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Richmans' Trade and Taxes Blog
Inflation climbs to 3.57% in May
In November, when Federal Reserve Chairman Ben Bernanke explained his second massive increase in the U.S. money supply (known as QE2) to his fellow central bankers, he told them that the Federal Reserve's Open Market Committee (FOMC) was aiming for an inflation rate no higher than 2%. Specifically, he said:
This policy tool will be used in a manner that is measured and responsive to economic conditions. In particular, the Committee stated that it would review its asset-purchase program regularly in light of incoming information and would adjust the program as needed to meet its objectives. Importantly, the Committee remains unwaveringly committed to price stability and does not seek inflation above the level of 2 percent or a bit less that most FOMC participants see as consistent with the Federal Reserve's mandate.
In May, the U.S. inflation rate hit 3.57% while rising rapidly as shown in the graph below:
Apparently, Bernanke has overshot his inflation target. Many monetarists (the school of economics founded by Milton Friedman, my father's dissertation advisor) think that it is a mistake for central banks to target inflation rates instead of money supply growth rates, because, given the lag time between money supply growth and inflation, there is a danger of over-shooting inflation measures. Playing with inflation is like playing with fire. Once inflation gets started, it can get a momentum of its own.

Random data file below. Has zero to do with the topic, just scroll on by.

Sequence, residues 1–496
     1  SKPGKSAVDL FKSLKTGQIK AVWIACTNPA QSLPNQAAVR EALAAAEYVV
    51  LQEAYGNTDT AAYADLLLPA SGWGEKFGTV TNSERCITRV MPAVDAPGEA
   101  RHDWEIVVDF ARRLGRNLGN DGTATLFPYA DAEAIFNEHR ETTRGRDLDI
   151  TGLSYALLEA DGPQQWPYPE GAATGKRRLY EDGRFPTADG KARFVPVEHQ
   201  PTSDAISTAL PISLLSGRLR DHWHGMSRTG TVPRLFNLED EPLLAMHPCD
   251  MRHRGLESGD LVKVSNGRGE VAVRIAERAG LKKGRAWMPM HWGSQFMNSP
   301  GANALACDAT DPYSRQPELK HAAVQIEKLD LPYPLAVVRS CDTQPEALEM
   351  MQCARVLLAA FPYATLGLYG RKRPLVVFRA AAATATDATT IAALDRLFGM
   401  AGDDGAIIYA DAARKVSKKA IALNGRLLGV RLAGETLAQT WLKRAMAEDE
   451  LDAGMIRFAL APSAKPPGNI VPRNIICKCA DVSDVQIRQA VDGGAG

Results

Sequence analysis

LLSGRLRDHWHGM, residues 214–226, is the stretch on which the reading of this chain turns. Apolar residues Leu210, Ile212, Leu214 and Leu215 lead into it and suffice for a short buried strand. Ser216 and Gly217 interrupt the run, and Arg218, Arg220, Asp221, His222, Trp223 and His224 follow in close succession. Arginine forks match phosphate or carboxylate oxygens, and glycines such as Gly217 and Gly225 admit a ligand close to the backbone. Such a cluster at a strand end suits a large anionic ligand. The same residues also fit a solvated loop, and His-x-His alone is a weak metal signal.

At the moment, only one potential Presidential candidate is calling for all three of the measures that lead to stable economic growth: (1) balanced trade, (2) balanced monetary growth, and (3) balanced budgets. Governor Palin called for balanced trade agreements after meeting with Donald Trump at the end of May. She called for balanced monetary growth, balanced budgets, tax cuts and reduced business regulation in her prescient prediction back in November that QE2 would be a dangerous failure, concluding:
Some members of the media portray Governor Palin as being stupid. But she has more economic common sense than the present Chairman of the Federal Reserve and the members of his Open Market Committee.
Comment by Eric, 6/20/2011:
The CPI also does not include Food & Energy prices, correct?
Response to this comment by Howard Richman, 6/20/2011:
Comment by Don Robertson, 6/20/2011:
The economy is in increasing trouble YOY because of a massive and growing deflation of expectations entirely due to a misguided controls intended to spur recovery.
Comment by Matt, 6/20/2011:
Ron Paul has been calling for balanced trade, balanced monetary growth, and balanced budgets for over 30 years. But, as most people fear the liberty he would restore to this country and the security, both fiscally and nationally, he would create, it seems reports like these will do nothing but inform people of useless information.